work, our honesty and genuineness with each other is essential.
we provide expertise regarding how to do meaningful therapy, you are the source
of what is important to you and your level of satisfaction. Since therapy seeks
to enhance your ability to care for yourself, we will support your being in charge
of yourself. Our deepest intention is that you find within yourself a deep and
lasting sense of wholeness, worth, and esteem.
Our first few sessions will involve an evaluation of your needs. By the end of the
evaluation, we will be able to offer you some first impressions of what our work
will include. You should evaluate this information along with your own opinions
of whether you feel comfortable working with us. Most clients with whom we meet
feel their problems are adequately resolved in 8-12 sessions, and they feel capable
of working through the remaining aspects of their concerns without therapy. Some
clients return when they have encountered a new aspect of their problem and they
would like some help.
Therapy involves a large commitment of time, money, and energy, so you should be very
careful about the therapist you select. If you have questions about our procedures,
we should discuss them whenever they arise. If your doubts persist, we will be
happy to help you set up a meeting with another mental health professional for
a second opinion.
Psychotherapy can have benefits and risks. Since therapy often involves discussing unpleasant
aspects of your life, you may experience uncomfortable feelings like sadness,
guilt, anger, frustration, loneliness, and helplessness. On the other hand,
psychotherapy has also been shown to have many benefits. Therapy often leads to
better relationships, solutions to specific problems, a better understanding of
yourself, and significant reductions in feelings of distress.
For more detailed and complete information on any of the above information, please download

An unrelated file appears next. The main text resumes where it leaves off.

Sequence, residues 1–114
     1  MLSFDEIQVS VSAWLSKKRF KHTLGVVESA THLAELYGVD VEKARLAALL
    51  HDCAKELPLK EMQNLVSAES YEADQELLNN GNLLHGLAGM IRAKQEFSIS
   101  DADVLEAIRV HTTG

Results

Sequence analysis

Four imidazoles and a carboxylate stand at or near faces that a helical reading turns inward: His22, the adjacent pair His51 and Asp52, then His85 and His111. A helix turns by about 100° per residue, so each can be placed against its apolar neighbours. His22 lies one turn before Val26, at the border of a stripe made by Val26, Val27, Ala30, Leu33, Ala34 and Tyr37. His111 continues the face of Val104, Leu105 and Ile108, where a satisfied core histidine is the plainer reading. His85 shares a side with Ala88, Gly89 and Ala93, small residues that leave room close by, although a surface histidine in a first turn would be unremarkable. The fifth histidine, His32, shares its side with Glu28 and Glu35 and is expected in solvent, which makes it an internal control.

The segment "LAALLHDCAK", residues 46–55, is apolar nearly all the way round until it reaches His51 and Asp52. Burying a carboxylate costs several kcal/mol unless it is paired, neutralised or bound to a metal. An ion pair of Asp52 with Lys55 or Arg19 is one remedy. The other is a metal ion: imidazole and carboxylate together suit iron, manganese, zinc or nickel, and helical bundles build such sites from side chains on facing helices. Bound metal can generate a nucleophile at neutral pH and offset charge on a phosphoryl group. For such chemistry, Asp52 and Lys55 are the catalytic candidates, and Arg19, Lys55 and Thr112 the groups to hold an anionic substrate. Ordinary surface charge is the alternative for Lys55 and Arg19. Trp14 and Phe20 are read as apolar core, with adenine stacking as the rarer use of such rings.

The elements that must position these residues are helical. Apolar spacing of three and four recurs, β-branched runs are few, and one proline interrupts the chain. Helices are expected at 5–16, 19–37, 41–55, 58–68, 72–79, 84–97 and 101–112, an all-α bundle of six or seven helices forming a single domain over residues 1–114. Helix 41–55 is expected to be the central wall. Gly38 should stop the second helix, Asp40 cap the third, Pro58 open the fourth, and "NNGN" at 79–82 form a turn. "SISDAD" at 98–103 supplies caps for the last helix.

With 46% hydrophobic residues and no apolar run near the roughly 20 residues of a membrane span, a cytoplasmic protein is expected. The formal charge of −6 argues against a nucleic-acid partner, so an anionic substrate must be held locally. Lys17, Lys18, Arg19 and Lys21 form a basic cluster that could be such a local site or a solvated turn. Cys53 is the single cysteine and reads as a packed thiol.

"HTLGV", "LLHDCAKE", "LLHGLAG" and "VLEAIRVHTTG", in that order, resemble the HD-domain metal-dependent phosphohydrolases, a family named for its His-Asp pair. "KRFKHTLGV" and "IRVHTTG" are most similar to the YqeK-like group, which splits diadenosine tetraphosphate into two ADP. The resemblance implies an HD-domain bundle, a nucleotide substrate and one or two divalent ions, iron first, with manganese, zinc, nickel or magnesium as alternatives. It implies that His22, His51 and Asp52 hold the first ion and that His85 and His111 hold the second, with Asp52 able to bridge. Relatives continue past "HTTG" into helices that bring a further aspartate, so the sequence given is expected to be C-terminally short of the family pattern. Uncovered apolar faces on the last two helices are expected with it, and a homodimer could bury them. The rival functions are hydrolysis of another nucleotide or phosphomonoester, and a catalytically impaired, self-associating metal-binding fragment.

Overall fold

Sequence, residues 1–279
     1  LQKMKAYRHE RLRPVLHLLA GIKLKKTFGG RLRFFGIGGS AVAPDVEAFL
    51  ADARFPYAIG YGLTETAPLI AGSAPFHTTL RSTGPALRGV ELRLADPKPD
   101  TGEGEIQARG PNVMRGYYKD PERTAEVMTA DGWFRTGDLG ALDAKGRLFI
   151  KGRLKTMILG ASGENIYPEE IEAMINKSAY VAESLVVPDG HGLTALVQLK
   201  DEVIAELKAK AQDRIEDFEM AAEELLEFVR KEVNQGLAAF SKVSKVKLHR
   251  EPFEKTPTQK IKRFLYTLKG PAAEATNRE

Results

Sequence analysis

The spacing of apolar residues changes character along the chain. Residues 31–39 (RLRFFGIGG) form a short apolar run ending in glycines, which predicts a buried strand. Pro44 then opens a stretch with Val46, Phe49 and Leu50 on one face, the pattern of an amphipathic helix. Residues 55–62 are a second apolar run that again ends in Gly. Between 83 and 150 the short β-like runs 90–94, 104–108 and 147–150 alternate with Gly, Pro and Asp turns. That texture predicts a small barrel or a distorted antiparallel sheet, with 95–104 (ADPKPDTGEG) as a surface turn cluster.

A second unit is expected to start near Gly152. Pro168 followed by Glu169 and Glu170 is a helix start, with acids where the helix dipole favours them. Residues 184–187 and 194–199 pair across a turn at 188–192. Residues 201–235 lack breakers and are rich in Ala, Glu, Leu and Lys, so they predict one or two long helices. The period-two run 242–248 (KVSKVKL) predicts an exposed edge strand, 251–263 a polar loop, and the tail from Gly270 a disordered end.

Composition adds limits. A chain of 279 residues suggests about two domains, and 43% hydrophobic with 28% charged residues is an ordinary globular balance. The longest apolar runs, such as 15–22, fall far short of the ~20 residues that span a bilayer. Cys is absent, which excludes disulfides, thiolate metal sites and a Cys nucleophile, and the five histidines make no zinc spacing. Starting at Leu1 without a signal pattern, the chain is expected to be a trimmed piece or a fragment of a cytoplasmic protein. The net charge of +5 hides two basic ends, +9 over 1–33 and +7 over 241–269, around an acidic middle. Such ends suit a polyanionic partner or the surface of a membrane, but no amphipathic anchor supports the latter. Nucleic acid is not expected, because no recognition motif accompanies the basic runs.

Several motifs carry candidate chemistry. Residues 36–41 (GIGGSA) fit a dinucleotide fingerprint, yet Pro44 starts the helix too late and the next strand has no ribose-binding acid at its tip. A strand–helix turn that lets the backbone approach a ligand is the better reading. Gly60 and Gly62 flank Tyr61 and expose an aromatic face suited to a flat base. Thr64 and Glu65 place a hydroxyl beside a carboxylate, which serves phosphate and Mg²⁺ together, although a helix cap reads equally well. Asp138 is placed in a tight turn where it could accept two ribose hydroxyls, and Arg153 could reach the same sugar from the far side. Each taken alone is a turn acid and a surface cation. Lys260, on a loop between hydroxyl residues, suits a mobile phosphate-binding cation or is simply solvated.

a copy of our Psychotherapist-Patient Services
When a person suffers from depression, it can affect every part of his or her life, including one's
physical body, one's behavior, thought processes, mood, ability to relate to others,
and general lifestyle.
People who are diagnosed with clinical depression have a combination of symptoms:
of hopelessness, even when there is reason to be hopeful
or low energy
less interest or pleasure in most regular activities
or inappropriate guilt
ability to think or concentrate
distorted thoughts; having an unrealistic view of life
loss or gain without dieting
in sleeping patterns
thoughts of death
- A specific plan for committing suicide
- A suicide attempt
of restlessness or being slowed down
That Professional Treatment Is Needed
- Thinking about death or suicide. This is always dangerous and you should see a professional
symptoms of depression continue for a long time, you may need professional help.
Acute responses to events are normal, but they should not last beyond a reasonable
ability to function is impaired by your depression. Seek help before your life
situation deteriorates to a serious level.